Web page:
#The Garden of Delights. An exhibition by Kirill Borodin
28 March 2018 — 18 June 2018
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Erarta Museum presents an exhibition by Yekaterinburg artist Kirill Borodin, who acutely perceives and cleverly reflects life in the digital age

  • Irony and sarcasm in the ultra-modern painting style
  • Socialites and their Pomeranians
  • Harsh reality behind the glossy façade

The name of Kirill Borodin is new for the Petersburgers since the artist lives and works in Yekaterinburg.  Similarly to the characters of his own works, the artist is young, handsome and successful. At first glance, his paintings seem glossy and positive; and yet, the closer inspection reveals under Kirill Borodin’s ultra-modern style the deepest irony and subtle sarcasm. 

“The Garden of Delights” series presents a character, who is certain that being a woman is an achievement in itself. One can put the blame for such worldview on the pop culture with its music industry, social media, bloggers and “How to do nothing and marry a millionaire” trainings.

Hip Hop and R’n’B culture endlessly exploits the image of an outgoing sexy beautiful girl, the majority of music videos preach the pleasures of  life and glorify the body as an object of sexual desire. Today even the most lustful men complain about the stream of aggressive female sexuality flowing from the music channels that makes them fear potential impotence.  Don’t get me started on the beauties over the age of 30, who develop depression due to their own “imperfection”!

The artist’s heroes embody a stereotypical image of a “blonde”, of an active fashionable young woman, who sees a successful marriage as the culmination of her development.  A viewer unmistakably recognizes the typicality of their appearance: the body of a model, long straightened hair, indifferent facial expression, and fur vests that quite recently were trendy. These beauties squeeze their miserable Pomeranians and take them in their bags to the night clubs, treating those dogs as the accessories rather than the living creatures.

Unlike his characters, Kirill Borodin understands that the glamorous façade masks the harsh reality. The basic instincts, sedated by the comfort of the city life and surrounded by the surrogate nature in the form of decorative cats and dogs, are still at work. The artist expresses their spontaneous awakening through the scenes of the fierce battles between the poms and the Chihuahuas and the altercations between the “living dolls”, which exposes the modern life in its superficiality, megalomania and imaginary invulnerability.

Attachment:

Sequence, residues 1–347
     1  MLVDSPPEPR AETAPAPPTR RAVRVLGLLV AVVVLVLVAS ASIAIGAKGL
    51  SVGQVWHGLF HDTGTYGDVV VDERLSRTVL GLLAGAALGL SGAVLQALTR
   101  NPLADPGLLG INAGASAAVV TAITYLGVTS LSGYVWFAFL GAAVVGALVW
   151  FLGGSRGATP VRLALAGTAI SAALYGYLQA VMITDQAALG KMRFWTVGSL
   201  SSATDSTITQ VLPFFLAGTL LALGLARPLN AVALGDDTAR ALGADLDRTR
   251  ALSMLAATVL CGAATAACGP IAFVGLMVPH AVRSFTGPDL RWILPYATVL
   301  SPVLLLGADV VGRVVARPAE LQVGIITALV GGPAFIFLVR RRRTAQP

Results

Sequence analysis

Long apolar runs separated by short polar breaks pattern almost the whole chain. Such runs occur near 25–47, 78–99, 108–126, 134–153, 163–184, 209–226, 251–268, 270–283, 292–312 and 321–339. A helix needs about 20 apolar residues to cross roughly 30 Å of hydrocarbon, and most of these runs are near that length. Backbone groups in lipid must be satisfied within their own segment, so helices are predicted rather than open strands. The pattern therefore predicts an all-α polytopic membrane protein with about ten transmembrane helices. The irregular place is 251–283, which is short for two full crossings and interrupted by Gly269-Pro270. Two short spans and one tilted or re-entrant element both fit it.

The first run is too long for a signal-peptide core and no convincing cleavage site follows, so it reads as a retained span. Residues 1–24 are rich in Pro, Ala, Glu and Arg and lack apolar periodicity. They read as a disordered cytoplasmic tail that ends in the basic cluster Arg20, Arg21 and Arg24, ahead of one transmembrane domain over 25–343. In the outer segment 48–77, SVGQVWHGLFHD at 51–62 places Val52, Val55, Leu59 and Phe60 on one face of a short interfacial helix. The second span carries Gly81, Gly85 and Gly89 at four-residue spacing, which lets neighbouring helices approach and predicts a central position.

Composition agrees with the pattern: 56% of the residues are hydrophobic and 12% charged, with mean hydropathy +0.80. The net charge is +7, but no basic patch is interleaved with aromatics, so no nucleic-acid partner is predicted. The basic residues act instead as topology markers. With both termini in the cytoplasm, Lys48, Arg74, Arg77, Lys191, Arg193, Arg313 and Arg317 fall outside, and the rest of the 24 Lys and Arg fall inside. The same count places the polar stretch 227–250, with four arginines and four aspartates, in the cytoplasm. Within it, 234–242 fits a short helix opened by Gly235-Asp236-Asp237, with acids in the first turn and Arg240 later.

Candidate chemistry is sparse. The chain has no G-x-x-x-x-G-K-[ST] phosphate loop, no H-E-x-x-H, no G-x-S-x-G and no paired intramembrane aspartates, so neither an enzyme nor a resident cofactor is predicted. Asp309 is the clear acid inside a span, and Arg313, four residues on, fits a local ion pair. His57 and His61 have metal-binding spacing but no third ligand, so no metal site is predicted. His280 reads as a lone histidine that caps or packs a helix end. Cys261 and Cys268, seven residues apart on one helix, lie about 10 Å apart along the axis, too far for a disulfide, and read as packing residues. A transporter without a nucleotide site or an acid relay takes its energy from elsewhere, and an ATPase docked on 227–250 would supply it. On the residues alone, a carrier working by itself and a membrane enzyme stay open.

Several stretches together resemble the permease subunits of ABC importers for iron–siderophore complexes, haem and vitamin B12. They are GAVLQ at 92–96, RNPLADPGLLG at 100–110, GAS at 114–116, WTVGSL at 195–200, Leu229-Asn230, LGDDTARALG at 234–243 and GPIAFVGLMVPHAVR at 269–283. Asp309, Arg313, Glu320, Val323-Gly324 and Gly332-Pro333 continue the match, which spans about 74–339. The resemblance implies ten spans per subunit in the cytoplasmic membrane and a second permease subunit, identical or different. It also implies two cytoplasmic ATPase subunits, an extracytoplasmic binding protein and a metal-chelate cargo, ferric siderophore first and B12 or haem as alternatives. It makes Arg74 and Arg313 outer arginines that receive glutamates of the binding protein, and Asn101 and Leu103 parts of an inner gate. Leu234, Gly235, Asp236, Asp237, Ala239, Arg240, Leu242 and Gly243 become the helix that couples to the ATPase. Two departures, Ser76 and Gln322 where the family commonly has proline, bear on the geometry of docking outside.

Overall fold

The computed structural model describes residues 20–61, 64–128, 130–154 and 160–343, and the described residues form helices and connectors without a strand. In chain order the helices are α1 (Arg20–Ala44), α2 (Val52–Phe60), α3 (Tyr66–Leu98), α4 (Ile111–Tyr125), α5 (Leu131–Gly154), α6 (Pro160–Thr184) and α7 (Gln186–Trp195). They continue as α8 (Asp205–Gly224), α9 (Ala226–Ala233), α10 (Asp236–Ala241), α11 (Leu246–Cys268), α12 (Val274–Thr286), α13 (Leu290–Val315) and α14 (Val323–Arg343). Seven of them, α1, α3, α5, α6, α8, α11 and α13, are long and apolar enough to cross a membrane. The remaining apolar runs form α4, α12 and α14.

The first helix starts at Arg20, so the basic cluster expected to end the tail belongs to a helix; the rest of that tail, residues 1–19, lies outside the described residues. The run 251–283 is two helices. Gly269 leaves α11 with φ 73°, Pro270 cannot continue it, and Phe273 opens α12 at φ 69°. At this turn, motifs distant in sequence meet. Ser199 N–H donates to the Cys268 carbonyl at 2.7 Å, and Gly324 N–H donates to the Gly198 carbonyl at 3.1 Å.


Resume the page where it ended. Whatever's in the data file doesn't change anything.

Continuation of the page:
The artist finds another powerful source of inspiration in the social media, where we endlessly advertise ourselves via selfies. By presenting themselves to the world through the front camera, people grow to understand and perceive themselves through the followers’ feedback. Many have made the social networks their job; people blindly follow the bloggers and, subsequently, the real life starts to seem too complicated and the mind grows more infantile, while the critical thinking completely disappears. Kirill Borodin’s work “Rubber Friend” illustrates the issue in the most comprehensive way. A company asked a blogger to advertise their produce, namely, a swim ring in the shape of a pink flamingo. Upon the blogger’s publication, the trend was picked up by the hundreds of users; the artist, with humor, captured this bizarre fashion on his canvas.  

Kirill Borodin plays the same trick on a viewer as the social networks do: many of his paintings are reminiscent of the Instagram photos made at the most favorable moments of life from the best angle.

A closer look at the artist’s works makes you realize that the author relies on the classical iconic stories. For instance, in “Rubber Friend”, one can decipher a reference to the Ancient Greek myth about Leda and the swan, while the baroque composition of the “Naughty Cat” evokes the Rembrandt’s masterpiece “The Sacrifice of Abraham”; the dynamics and the position of the figures in “Showdown on the Outskirts of Town” are based on the classic examples of the military art such as “The Battle of San Romano” by Paolo Uccello.

Moving from the subjects to the style of painting, it should be noted that the artist paints with ease; his realism is characterized by the energetic brush strokes and colours; the drawing is anatomically convincing, which, in our day, constitutes an achievement.  The artist works and thinks a lot, and that is why his glossy philosophical style constantly expands its borders, endlessly developing the old themes and generating the new ones.

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